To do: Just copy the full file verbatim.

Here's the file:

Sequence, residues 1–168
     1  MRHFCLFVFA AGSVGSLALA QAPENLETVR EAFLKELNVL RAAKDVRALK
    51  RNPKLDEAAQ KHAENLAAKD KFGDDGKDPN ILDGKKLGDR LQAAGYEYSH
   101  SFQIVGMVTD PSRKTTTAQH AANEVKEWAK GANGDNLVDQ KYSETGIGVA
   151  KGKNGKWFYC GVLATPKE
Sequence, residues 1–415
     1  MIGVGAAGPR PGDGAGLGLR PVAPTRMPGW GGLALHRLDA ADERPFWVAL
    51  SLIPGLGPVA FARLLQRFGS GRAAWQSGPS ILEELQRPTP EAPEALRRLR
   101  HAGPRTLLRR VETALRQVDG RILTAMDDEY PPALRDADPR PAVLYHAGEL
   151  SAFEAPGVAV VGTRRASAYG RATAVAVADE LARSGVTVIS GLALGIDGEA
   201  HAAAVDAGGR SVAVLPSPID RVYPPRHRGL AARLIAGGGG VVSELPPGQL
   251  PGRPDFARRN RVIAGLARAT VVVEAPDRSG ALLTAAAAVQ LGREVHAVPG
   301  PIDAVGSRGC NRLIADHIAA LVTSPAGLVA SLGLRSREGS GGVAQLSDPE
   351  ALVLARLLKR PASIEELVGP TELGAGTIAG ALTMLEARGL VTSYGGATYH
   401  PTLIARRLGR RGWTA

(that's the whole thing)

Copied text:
Sequence, residues 1–168
     1  MRHFCLFVFA AGSVGSLALA QAPENLETVR EAFLKELNVL RAAKDVRALK
    51  RNPKLDEAAQ KHAENLAAKD KFGDDGKDPN ILDGKKLGDR LQAAGYEYSH
   101  SFQIVGMVTD PSRKTTTAQH AANEVKEWAK GANGDNLVDQ KYSETGIGVA
   151  KGKNGKWFYC GVLATPKE
Sequence, residues 1–415
     1  MIGVGAAGPR PGDGAGLGLR PVAPTRMPGW GGLALHRLDA ADERPFWVAL
    51  SLIPGLGPVA FARLLQRFGS GRAAWQSGPS ILEELQRPTP EAPEALRRLR
   101  HAGPRTLLRR VETALRQVDG RILTAMDDEY PPALRDADPR PAVLYHAGEL
   151  SAFEAPGVAV VGTRRASAYG RATAVAVADE LARSGVTVIS GLALGIDGEA
   201  HAAAVDAGGR SVAVLPSPID RVYPPRHRGL AARLIAGGGG VVSELPPGQL
   251  PGRPDFARRN RVIAGLARAT VVVEAPDRSG ALLTAAAAVQ LGREVHAVPG
   301  PIDAVGSRGC NRLIADHIAA LVTSPAGLVA SLGLRSREGS GGVAQLSDPE
   351  ALVLARLLKR PASIEELVGP TELGAGTIAG ALTMLEARGL VTSYGGATYH
   401  PTLIARRLGR RGWTA